Now, as the tail end of the previous section said, the qualified LEO must obey the State’s laws on prohibited areas. So, for Texas, this means Sections 46.02 and 46.03 of the Texas Penal Code.

Section 46.02 outlines unlicensed carry (for non-CHL holders), which is you can only carry on your own personal property and premises, and carry in your vehicle, which is handgun must remain concealed, and you can not be participating in criminal activity other than a Class C Misdemeanor (think traffic laws), prohibited by law from possessing the firearm, or a member of a criminal street gang.

Section 46.03 outlines where it is illegal to carry. This is the jist of it. Feel free to go to the above link and read the actual document for yourself. Illegal to carry: Schools, school grounds, polling place on day of election or early voting, any government court or offices used by the courts, racetrack, in or into a secured area of an airport, or 1000 feet of a prison on the day the prison is executing someone.

Something else I need to say about prohibited areas. In Texas, a private party (such as a private business) can post a sign that says:

“PURSUANT TO SECTION 30.06, PENAL CODE (TRESPASS BY HOLDER OF A LICENSE TO CARRY A CONCEALED HANDGUN) A PERSON LICENSED UNDER SUBCHAPTER H, CHAPTER 411, GOVERNMENT CODE (CONCEALED HANDGUN LAW), MAY NOT ENTER THIS PROPERTY WITH A CONCEALED HANDGUN.”

“CONFORME A LA SECCIÓN 30.06 DEL CÔDIGO PENAL (TRASPASAR PORTANDO ARMAS DE FUEGO) PERSONAS CON LICENCIA BAJO DEL SUB-CAPITULO H, CAPITULO 411, CODIGO DE GOBIERNO (LEY DE PORTAR ARMAS), NO DEBEN ENTRAR A ESTA PROPIEDAD PORTANDO UN ARMA DE FUEGO.”

There are other things to it as well, such as height of the letters. You can read about the other requirements for posting that sign on the Texas DPS website.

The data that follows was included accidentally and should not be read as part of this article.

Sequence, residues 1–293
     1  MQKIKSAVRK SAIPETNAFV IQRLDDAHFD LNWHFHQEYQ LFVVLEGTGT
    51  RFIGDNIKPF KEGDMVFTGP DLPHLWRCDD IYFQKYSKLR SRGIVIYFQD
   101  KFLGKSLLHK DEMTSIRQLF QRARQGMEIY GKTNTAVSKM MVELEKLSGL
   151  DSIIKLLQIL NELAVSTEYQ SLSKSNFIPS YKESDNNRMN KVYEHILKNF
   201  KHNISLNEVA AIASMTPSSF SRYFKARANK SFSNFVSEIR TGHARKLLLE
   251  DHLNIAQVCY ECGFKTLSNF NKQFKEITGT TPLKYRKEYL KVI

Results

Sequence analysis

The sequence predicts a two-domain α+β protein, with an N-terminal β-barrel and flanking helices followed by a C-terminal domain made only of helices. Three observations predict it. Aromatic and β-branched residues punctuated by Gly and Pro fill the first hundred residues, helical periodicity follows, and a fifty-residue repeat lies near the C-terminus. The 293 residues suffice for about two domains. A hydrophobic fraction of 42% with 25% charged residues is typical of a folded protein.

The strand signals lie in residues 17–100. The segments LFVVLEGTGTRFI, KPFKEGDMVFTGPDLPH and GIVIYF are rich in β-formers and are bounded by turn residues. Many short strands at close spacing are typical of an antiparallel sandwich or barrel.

In a nut shell, with that sign posted, a holder of a CHL can not legally enter that property with a concealed handgun, in addition to the other places listed under 46.03.

That is a summary of the law regarding citizen concealed carry in Texas.

 Now, this is how those laws apply to police officers.

Section 46.15 of the Texas Penal Code is entitled Nonapplicability, and covers the who, where, when, and why certain people are exempt from 46.02 and 46.03. The part covering police officers says:

(a) Sections 46.02 and 46.03 do not apply to:

(1) peace officers or special investigators under Article 2.122, Code of Criminal

Procedure [ed note: meaning people like FBI, DEA, etc] and neither section prohibits a peace officer or special investigator from

carrying a weapon in this state, including in an establishment in this state serving the

public, regardless of whether the peace officer or special investigator is engaged in the

actual discharge of the officer’s or investigator’s duties while carrying the weapon;

The summary of that means cops are exempt from 46.02 and 46.03, whether they are on duty or off.

Now, on to the CHL sign that I posted earlier (I’ll call it the 30.06 sign). Simply put, it doesn’t apply to LEOs. There isn’t any kind of statute or law that says LEOs are exempt, so don’t go bother looking for any. But then why doesn’t it apply to LEOs? The 30.06 sign defines it: “A PERSON LICENSED UNDER SUBCHAPTER H, CHAPTER 411, GOVERNMENT CODE (CONCEALED HANDGUN LAW)”. Cops aren’t licensed under that law, meaning they aren’t CHL holders. Because they aren’t CHL holders, the 30.06 sign and statute doesn’t apply to them.

So, then where/when are Texas LEOs prohibited from carrying? Federal property, which are places like post offices, military bases, etc, and if they are under the influence, meaning alcohol, medication, etc. Other than those, they are free to carry. Sadly, Texas CHL holders don’t get the same freedoms. Maybe one day….

Obviously, this is from my understanding of the law, through reading the Texas Penal Code and the Texas DPS CHL website, and talks with active law enforcement personnel. I am not a lawyer and don’t play one on T.V. If you follow any advice I have posted about the laws, rules, and regulations pertaining to concealed carry, you do so at your own risk. If you have questions about what I have posted, I will answer them to the best of my ability, but remember, I am not a lawyer and assume no responsibility if you break the law and get caught. If you have real legal questions, seek the advice of a lawyer.